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3 Theoretical Perspective

In STS literature, the concept of infrastructure refers to interrelated technical, social and organizational arrangements involving technologies, standards, procedures, practices and policies (Bowker, Baker, Millerand, & Ribes, 2010; Karasti, Baker,

& Millerand, 2010). Superadded to the term information, infrastructure refers to digital facilities and services usually associated with the Internet. Internet is a generative infrastructure able to enact innovation (Monteiro, Pollock, Hanseth, & Williams, 2013). From this viewpoint, generativity is “the essential quality animating the trajectory of information technology innovation” (Zittrain, 2006). I maintain that an infrastructure displays its generativity in so far as it enables the continuous and rapid development of new innovative infrastructures. In this way, infrastructure contributes to the transformation of a set of isolated sociotechnical systems into an ecology of interacting human (people) and nonhuman actors (things such as devices and technological artifacts). A working infrastructure is characterised by openness to number and types of actors and interconnections of a multiplicity of purposes, agendas, strategies. It is a dynamically evolving ecology of people and things that mutually constitute themselves. The co-evolution of social and material factors also characterises the hermeneutic approach to knowledge adopted in this book and, specifically, by Augusto Cusinato's chapter.

Geoffrey Bowker and Susan Leigh Star (1999), with their famous book Sorting

Things Out. Classification and its Consequences, have notably contributed to shedding light on the (information) infrastructure concept, showing that, first of all, it is the connection between classifications and standards as objects for the cooperation across social worlds (see “The Firm as a Knowledge-Creating Milieu: The Role of the ICT” by Carla Simone's). Classifications and standards are imbricated in everyday life. People classify objects, human beings, and data, and these classifications may or may not become standardized. According to Star and Ruhleder (1996), infrastructure is something that emerges in situ, in relation to organized practices, when it is connected to some particular activities. There are two relevant aspects of infrastructure. First, infrastructure typically exists in the background, it is invisible and taken for granted. People commonly envision infrastructure as a substrate that is something upon which something else “runs” or “operates”. Infrastructure is put in the background where practices and activities sink (Bowker et al., 2010; Star, 1999; Star & Ruhleder, 1996). Second, infrastructure could be defined as a relational property associated to political, ethical and social choices (Clarke & Star, 2008). Such properties can be identified as “going backstage” (Goffman, 1956; Star, 1999) or doing an “infrastructural inversion” (Bowker & Star, 1999). This inversion allows us to recognise the depths of interdependence of social and material components that influence the infrastructural growing [1] (Edwards et al., 2007; Edwards, Jackson, Bowker, & Williams, 2009). Methodologically, the infrastructural inversion leads to inquiry into the conflicting interests of different worlds (e.g., research, business). Studying this type of interaction favours a better understanding of innovation as a controversial process.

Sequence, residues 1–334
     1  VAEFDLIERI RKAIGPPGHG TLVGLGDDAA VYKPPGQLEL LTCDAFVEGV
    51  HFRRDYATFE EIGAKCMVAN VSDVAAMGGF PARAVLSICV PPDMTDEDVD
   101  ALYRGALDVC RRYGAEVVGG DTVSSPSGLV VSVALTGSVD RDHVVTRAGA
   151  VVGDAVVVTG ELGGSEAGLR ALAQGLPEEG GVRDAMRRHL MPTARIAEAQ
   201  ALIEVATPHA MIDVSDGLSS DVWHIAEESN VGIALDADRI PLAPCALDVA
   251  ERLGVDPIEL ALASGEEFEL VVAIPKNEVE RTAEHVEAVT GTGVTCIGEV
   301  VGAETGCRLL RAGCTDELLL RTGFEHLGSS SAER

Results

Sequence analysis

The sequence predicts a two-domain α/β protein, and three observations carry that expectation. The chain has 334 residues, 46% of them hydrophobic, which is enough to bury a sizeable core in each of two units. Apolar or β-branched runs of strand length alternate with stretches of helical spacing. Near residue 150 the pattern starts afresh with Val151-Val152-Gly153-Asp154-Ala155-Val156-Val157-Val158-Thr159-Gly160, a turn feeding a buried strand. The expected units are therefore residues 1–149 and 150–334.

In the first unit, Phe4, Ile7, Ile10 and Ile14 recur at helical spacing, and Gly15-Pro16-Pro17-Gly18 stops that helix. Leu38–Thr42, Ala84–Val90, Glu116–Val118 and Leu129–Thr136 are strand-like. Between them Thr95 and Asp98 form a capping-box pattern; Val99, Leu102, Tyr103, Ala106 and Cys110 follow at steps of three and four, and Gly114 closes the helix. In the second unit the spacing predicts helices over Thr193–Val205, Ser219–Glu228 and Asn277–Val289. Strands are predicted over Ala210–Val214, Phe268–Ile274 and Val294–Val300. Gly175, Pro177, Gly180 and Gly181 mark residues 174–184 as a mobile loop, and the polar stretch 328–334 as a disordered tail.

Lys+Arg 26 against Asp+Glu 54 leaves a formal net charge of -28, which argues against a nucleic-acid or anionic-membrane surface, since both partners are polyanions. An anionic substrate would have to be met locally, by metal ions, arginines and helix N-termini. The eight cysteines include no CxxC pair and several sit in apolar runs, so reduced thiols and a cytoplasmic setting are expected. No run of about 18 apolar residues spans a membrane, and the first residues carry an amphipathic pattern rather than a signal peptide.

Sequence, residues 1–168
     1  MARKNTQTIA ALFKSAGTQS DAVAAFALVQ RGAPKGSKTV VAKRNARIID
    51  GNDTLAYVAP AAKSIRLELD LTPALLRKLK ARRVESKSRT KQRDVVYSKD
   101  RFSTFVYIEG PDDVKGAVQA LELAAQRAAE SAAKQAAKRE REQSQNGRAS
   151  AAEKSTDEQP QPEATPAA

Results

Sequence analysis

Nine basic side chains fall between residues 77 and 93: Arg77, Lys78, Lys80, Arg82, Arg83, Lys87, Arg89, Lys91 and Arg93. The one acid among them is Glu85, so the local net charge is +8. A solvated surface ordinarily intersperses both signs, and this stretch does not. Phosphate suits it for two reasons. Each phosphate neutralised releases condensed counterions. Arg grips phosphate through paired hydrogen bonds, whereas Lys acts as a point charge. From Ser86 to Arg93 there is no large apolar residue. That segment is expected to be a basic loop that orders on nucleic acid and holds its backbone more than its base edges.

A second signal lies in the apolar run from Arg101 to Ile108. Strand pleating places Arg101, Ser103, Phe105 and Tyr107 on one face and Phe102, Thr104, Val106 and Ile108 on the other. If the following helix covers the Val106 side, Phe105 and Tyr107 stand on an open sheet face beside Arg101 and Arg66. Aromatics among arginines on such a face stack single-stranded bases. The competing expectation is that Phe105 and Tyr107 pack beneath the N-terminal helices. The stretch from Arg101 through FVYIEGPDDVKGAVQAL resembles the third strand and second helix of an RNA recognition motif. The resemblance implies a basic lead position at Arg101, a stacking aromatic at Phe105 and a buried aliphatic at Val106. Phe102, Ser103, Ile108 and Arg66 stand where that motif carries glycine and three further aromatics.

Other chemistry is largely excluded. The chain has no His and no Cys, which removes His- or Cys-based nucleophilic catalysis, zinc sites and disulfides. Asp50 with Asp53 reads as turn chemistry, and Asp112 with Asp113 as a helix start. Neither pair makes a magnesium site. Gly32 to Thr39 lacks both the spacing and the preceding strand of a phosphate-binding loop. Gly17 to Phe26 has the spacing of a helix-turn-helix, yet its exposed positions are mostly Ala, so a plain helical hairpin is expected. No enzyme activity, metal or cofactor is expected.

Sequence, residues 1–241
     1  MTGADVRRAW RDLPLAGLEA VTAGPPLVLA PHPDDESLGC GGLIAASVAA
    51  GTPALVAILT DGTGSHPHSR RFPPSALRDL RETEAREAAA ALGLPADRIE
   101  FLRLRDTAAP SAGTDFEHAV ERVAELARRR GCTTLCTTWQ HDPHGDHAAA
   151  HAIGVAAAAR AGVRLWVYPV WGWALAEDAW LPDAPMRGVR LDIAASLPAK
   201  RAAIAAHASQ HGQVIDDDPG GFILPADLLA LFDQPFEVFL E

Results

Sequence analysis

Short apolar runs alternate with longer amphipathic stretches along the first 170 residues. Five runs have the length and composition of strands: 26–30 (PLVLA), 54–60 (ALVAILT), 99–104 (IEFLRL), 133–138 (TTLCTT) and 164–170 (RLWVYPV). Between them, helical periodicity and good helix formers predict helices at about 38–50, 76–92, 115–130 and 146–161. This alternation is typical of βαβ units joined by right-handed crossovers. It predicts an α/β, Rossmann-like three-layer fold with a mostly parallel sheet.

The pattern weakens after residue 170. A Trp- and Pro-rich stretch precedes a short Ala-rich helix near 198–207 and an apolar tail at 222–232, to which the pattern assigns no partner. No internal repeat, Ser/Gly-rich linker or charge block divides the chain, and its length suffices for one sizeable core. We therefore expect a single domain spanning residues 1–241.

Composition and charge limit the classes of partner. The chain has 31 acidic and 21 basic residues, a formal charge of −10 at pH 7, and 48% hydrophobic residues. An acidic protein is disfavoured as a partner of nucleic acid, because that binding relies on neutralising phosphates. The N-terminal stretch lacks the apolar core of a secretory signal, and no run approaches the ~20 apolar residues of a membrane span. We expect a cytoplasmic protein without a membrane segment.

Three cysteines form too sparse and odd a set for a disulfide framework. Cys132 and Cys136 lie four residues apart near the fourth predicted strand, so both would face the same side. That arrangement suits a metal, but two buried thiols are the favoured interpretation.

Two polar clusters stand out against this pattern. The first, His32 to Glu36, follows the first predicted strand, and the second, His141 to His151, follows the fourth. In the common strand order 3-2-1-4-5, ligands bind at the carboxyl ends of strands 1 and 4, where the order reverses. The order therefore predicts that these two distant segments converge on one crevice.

• [1] According to Edwards, Jackson, Bowker, and Knobel (2007) the metaphor of “growing” rather than design or building infrastructure enables to capture, in their words, the “sense of an organic unfolding within an existing (and changing) environment (2007, 369)
 
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